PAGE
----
5/15/2021 (Voice of the Persecuted) Dear Prayer Warriors, Persecution Watch will host a special guest, Sara S. Zondag, a missionary to Burma (Myanmar). We invite you to hear from this dear sister on tonight’s prayer conference call.

Background:

Sara grew up in the church in rural Wisconsin. After working as a genetic counselor for a few years, she felt called to move overseas to volunteer with some Christian organizations. Sara has been based in Chiang Mai, Thailand since 2011 and has been involved in church related projects in Thailand and in cross-border medical projects with the Karen ethnic group in Burma.

Since the end of World War II, Burma (or Myanmar) has been the site of political unrest. For most of this time the country has been ruled by a military dictatorship. Myanmar has many ethnic minorities that tend to live in the border areas of the country. The main minority groups – the Karen, Shan, Kachin, Chin – have faced fighting from the Burma Army. These ethnic groups have a large proportion of Christians. Missionaries to Burma came in the 1800’s and the Holy Spirit worked in the hearts of people from these groups. Missionaries were expelled from Myanmar in the 1960’s, but the church has continued to thrive within these areas.

On February 1st, Myanmar experienced a coup. In 2015, the military regime allowed democratically elected leaders into power, with limitations. Following repeat victories by these non-military leaders in the country’s 2020 elections, the military decided to retake governmental power by force and has been committing atrocities on people from their own Burman ethnic group as well as increased attacks on ethnic minority groups. 

Prayer Points

  • A miraculous change of heart from these military leaders, soldiers, and police who are attacking their own citizens.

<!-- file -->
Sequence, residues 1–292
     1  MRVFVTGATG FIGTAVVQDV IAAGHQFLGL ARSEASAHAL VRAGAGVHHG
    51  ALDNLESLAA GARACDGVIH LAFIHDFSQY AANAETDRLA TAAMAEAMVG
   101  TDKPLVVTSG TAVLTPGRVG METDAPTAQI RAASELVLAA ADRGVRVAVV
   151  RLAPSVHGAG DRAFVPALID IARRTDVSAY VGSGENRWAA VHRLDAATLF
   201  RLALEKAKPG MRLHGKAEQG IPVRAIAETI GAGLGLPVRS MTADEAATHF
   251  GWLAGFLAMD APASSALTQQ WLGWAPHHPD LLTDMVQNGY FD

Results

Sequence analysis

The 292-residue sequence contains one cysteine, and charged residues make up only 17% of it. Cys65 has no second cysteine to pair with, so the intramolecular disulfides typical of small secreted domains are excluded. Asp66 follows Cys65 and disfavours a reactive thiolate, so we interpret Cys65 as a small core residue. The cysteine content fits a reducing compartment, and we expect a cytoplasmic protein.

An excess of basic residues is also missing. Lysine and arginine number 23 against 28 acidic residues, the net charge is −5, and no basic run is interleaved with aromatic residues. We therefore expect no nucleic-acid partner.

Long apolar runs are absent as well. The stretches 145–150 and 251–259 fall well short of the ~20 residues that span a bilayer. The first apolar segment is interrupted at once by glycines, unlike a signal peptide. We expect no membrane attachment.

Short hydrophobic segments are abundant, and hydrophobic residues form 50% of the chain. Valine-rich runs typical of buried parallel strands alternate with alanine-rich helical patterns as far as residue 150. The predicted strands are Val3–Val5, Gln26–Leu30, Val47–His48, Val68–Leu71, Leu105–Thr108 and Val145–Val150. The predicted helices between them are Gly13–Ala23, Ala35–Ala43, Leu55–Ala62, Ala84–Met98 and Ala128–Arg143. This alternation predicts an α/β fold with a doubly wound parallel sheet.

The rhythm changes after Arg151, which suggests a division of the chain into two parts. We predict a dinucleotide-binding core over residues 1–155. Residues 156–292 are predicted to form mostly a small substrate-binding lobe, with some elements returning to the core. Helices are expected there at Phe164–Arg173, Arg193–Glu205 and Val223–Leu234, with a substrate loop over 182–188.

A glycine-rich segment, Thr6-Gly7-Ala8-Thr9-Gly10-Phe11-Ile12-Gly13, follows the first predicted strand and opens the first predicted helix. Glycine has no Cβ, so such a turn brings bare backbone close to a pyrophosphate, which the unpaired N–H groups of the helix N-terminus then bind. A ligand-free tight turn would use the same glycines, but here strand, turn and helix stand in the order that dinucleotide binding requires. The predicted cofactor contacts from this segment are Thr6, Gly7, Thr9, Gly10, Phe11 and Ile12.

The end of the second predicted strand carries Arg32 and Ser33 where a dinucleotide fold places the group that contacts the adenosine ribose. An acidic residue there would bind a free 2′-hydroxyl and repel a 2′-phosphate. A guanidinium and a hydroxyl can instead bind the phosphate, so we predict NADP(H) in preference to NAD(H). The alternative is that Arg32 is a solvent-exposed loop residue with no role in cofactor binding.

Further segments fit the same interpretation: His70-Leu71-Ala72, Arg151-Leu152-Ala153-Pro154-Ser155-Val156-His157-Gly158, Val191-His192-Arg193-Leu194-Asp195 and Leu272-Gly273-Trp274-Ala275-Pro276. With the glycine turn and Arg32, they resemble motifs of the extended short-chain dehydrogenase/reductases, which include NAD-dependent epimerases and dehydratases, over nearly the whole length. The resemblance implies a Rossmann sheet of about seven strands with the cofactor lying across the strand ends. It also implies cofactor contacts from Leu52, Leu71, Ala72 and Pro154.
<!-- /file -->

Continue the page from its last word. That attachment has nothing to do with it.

• For the Burma Army to end their attacks and bombing on the Karen, Kachin, and other minority groups.

  • Safety for the internally displaced people and refugees that these attacks are creating.
  • Courage for the believers in the face of all this difficulty.

We will also Pray for: 

Leah Sharibu and Alice that they will be set free from Boko Haram captivity.

  • Leah Sharibu was kidnapped along with 109 other students on February 19, 2018 when Boko Haram attacked a boarding school in the city of Dapchi, Maiduguri Diocese, in north-eastern Nigeria. A month later, some of the girls died in captivity and all the others were released, except Leah. She was the only Christian in the group.
  • Alice Loksha Ngaddah was kidnapped during the Rann attack on March 1, 2018. She was a nurse working with Unicef and is a mother of two.

Pastor Wang Yi to be released from prison, for his family, the children, and the church in China. 

  • On December 28, the police raided the Early Rain Church and arrested Pastor Wang Yi, his wife Jiang Rong, and ten elders of the well-known 750-member church for holding “illegal” services. Some 100 believers were detained, questioned, and later released. Pastor Wang’s wife was also released. Pastor Wang remained in detention.